2011: Oil will lead economic growth in Africa

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For better or for worse…

It’s January 1st and it seems fitting to post this piece from the “beyond brics” blog at the Financial Times.

What slowdown? Oil to drive growth
December 17, 2010 10:42 am by Henry Mance

For the global economy, Christmas parties came early this year: stimulus spending boosted growth to possibly unsustainable rates. Next year, a mild hangover is likely to kick in – with slower growth in much of the world, including China, India and Brazil.

Yet, for those in need of some more festive cheer, there are three regions that are forecast to see faster growth in 2011: the Middle East and North Africa, sub-Saharan Africa, and Russia and central Asia. All three will average at least 4.6 per cent growth, according to the IMF, overtaking Latin America as the world’s most dynamic regions after Developing Asia. Why are they accelerating? The common thread is oil.

The greatest upturn in growth comes from the Middle East and North Africa, where the IMF predicts growth will rise from 4.1 per cent this year to 5.1 per cent in 2011, as oil prices remain high and stimulus spending continues in some less-indebted states, such as Saudi Arabia. “Oil-importing economies in the region also benefit [from the higher oil price] (roughly one-fourth of their exports go to oil exporters),” the IMF said in its latest Economic Outlook.

In sub-Saharan Africa, the IMF predicts growth will be 5.5 per cent in 2011, compared to 5 per cent this year, “supported not only by the recovery in exports and commodity prices, but also by robust domestic demand in a number of economies.” Nigeria is evidence of both trends – although the IMF also points out the economic benefit of reduced instability in the Niger Delta.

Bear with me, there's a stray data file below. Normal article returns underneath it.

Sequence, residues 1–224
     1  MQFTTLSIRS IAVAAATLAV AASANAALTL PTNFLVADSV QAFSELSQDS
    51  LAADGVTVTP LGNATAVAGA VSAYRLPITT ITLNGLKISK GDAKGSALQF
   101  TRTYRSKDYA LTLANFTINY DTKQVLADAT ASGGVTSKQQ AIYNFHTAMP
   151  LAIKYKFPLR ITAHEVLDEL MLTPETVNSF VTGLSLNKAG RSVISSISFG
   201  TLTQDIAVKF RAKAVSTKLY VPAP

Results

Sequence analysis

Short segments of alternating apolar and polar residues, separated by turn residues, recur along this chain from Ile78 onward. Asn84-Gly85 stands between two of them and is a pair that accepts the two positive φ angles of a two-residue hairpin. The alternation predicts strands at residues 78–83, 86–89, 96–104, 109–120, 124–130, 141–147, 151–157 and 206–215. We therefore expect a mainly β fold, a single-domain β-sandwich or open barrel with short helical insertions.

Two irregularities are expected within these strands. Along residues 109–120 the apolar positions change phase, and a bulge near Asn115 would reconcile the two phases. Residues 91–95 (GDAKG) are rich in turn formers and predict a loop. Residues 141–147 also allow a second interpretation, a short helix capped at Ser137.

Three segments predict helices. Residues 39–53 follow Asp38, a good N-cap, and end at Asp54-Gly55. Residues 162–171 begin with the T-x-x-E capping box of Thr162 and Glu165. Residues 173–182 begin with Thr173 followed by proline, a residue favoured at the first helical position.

Then there’s Russia and central Asia (the Commonwealth of Independent States) – where the IMF predicts growth will edge up from 4.3 per cent to 4.6 per cent next year. Higher oil and gas prices are again crucial. But local factors are also influential: Russia will grow faster without this year’s drought and wildfires, and with greater bank lending (“the adjustment of bank balance sheets appears to have run its course,” the IMF said). A new customs union with Belarus and Kazakhstan may also help trade. Growth will accelerate in the Ukraine, which has sorted out its banking system, but will slow in Kazakhstan, which has not.

Significantly, the IMF’s forecasts were made over a month ago. They assumed the average price of oil would be $78.75 a barrel in 2011, based on the then futures prices; futures for December 2011 are now around $92. Some, like Royal Bank of Canada, think the oil price will be around $90; others like Capital Economics think it will collapse towards $60. But the consensus seems to be shifting upwards: the Russian economy ministry this week raised its 2011forecast for the price of Urals crude (a little cheaper than Brent crude) from $75 to $81 a barrel.

Higher prices would provide a tailwind for growth in oil exporters – postponing the need for austerity in Russia and elsewhere. However, it is no substitute for economic modernisation. Capital Economics’ Neil Shearing says that, so long as Russia doesn’t reform, a higher oil price will simply “paper over the cracks”, adding that investors are more likely to turn to the Middle East, Latin America and elsewhere.

What’s more, as the FT’s commodities editor has noted, the actual oil price is only half the story: the commodity is denominated in dollars, so exporters benefit (and importers generally suffer) in relation to the strength of their currency. Exporters with very strong currencies, like Brazil, win less than those with weak currencies, including Russia.

Finally, if oil prices get too high, global growth will brake sharply – and the party will truly be over.

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